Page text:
The Questionable Science Behind the New Jack the Ripper Claim

Man in alley
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Did the analysis of a silk shawl just provide a major clue in one of London's coldest cases, the identity of Jack the Ripper?

No. It doesn't. Not at all. That's according to two experts, a geneticist and a Ripperologist (a Jack the Ripper historian), who spoke with Live Science about the new study.

In fact, this study has so many holes in it — including the provenance of the shawl, contamination of genetic material on the shawl, and the methods used to analyze this genetic material — that it's a wonder it was published at all, said Turi King, a reader in genetics and archaeology at the University of Leicester, who was not involved in the study. [10 Biggest Historical Mysteries That Will Probably Never Be Solved

Jack the Ripper is notorious for killing and mutilating five women in London in just three months during 1888. According to the new study, a silk shawl was found by the body of Catherine Eddowes, a victim killed by Jack the Ripper during the early morning hours of Sept. 30, 1888.

Acting Sgt. Amos Simpson reportedly took this 8-foot-long (2.4 meters) shawl from the crime scene; the shawl was reportedly passed down through his family for generations until it was sold in 2007 to amateur sleuth Russell Edwards, who made it available to scientists for study.

Soon after, descendants of Eddowes and one of the top suspects, Aaron Kosminski, who at the time was a 23-year-old Polish barber, were located by study lead researcher Jari Louhelainen, a senior lecturer of molecular biology at Liverpool John Moores University in the United Kingdom. Then, with study co-researcher David Miller, a reproduction and sperm expert at the University of Leeds in the United Kingdom, Louhelainen looked at mitochondrial DNA (genetic material passed down by mothers) on the shawl.

The researchers found the genetic material on the shawl matched the descendants of Eddowes and Kosminski. The analysis also revealed, the researchers claim, that the killer was a man with brown hair and brown eyes, which matches an eyewitness account from that time.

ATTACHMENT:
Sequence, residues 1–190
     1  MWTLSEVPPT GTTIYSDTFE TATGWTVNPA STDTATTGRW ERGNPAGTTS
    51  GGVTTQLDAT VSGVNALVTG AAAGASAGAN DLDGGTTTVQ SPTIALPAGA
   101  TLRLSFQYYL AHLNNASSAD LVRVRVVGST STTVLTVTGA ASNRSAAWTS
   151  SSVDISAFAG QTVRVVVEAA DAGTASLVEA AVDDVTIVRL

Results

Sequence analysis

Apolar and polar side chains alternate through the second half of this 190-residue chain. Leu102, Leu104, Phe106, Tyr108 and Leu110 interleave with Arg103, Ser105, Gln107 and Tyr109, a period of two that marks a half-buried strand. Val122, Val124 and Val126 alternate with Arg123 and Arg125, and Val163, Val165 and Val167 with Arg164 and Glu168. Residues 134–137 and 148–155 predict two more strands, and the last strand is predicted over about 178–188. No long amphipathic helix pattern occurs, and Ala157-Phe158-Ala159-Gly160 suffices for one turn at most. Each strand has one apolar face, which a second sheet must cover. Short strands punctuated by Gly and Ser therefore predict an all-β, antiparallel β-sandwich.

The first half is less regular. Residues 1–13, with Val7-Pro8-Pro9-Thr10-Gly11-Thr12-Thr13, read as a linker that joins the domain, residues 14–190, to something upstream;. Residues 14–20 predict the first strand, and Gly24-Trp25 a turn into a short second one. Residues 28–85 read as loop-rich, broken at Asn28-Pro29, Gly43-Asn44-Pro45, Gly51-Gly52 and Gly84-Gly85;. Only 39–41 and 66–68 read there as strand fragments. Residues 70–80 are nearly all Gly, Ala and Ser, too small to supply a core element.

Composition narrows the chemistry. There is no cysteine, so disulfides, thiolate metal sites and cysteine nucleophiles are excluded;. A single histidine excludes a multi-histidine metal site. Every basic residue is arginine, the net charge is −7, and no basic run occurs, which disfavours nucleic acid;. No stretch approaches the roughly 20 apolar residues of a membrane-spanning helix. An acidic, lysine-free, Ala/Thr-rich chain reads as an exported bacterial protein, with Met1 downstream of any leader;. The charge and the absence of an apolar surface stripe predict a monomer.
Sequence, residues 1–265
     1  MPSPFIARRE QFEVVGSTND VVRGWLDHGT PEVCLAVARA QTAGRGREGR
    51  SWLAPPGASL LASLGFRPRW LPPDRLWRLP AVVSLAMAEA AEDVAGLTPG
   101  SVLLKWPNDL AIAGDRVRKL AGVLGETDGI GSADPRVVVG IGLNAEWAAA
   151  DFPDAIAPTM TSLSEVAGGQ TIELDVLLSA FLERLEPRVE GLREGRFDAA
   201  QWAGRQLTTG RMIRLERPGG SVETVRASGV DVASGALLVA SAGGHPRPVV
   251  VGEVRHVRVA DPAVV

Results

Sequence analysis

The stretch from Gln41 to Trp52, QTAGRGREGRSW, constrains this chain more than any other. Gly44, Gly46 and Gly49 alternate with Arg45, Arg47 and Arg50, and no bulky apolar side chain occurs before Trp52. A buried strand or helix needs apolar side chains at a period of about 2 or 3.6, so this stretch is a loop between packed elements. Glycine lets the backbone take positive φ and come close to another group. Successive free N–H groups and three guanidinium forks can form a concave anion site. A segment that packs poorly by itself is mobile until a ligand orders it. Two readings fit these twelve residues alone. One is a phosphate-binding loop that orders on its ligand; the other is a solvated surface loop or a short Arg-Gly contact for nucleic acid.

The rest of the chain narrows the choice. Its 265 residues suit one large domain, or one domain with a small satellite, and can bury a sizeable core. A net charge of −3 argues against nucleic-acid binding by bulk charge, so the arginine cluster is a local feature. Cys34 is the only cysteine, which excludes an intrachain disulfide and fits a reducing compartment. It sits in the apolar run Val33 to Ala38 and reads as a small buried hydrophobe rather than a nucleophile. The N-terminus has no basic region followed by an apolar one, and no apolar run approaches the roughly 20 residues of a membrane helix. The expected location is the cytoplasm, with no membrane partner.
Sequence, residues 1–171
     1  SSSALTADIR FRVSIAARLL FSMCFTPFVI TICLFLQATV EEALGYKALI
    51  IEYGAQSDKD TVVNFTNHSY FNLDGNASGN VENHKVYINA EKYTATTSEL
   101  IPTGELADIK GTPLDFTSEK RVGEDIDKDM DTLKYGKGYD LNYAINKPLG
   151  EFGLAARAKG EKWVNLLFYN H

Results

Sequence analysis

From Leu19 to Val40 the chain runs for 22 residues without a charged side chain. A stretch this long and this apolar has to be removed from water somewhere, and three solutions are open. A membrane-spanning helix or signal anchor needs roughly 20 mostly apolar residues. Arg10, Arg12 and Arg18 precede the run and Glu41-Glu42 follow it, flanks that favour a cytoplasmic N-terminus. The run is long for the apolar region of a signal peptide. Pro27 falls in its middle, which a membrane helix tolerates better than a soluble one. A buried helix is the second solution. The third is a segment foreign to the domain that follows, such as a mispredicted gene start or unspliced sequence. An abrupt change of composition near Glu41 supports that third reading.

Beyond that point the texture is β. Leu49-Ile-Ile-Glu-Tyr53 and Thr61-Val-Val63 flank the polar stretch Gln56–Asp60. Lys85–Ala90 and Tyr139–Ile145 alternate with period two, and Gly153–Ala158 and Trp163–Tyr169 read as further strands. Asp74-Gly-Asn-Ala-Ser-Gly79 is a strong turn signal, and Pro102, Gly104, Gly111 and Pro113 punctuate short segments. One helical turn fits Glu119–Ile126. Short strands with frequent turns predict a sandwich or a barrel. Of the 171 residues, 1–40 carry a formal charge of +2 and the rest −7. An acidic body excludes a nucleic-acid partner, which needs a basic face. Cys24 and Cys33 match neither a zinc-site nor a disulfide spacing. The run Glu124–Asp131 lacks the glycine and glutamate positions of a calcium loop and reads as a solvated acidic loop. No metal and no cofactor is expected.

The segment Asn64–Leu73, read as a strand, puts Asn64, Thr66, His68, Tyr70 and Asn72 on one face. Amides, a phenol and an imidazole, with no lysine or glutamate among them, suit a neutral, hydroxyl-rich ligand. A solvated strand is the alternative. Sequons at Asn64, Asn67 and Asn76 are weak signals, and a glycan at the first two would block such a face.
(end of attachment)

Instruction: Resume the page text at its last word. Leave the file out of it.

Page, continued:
"Although these characteristics are surely not unique, they fully support our hypothesis," the researchers wrote in the study, published online March 12 in the Journal of Forensic Sciences. It's unknown how common brown eyes and hair were in 1888, but today in England blue eyes are more common, the researchers noted.

These results were initially made public five years ago in Edwards' book "Naming Jack the Ripper" (Lyons Press, 2014), but this is the first published study on the analysis.

Fishy shawl

First and foremost, it's doubtful that the shawl belonged to Eddowes, Jack the Ripper's fourth victim.

London has two police forces. Most of the Jack the Ripper murders happened under the jurisdiction of the Metropolitan Police Service, a force that operates out of Scotland Yard. But Eddowes was killed in an area overseen by the City of London Police.

Acting Sgt. Simpson worked for Scotland Yard, so it's unclear why he would have been working on Eddowes' case, given that it was a City of London Police case, said Paul Begg, a U.K.-based author who has written six historical books about Jack the Ripper, and was not involved with the new study. What's more, Simpson's patrolling area wasn't anywhere near the spot where Eddowes was murdered, so it's strange he would have gone out of his way to travel to the scene of the crime and take the shawl, Begg said. [Crime Scene Photos: These Items Came from UK's Most Infamous Cases]

On top of that, "there's no evidence that a shawl was connected with Catherine Eddowes' murder anyway," Begg told Live Science. "Effectively, the provenance of the shawl is extremely bad."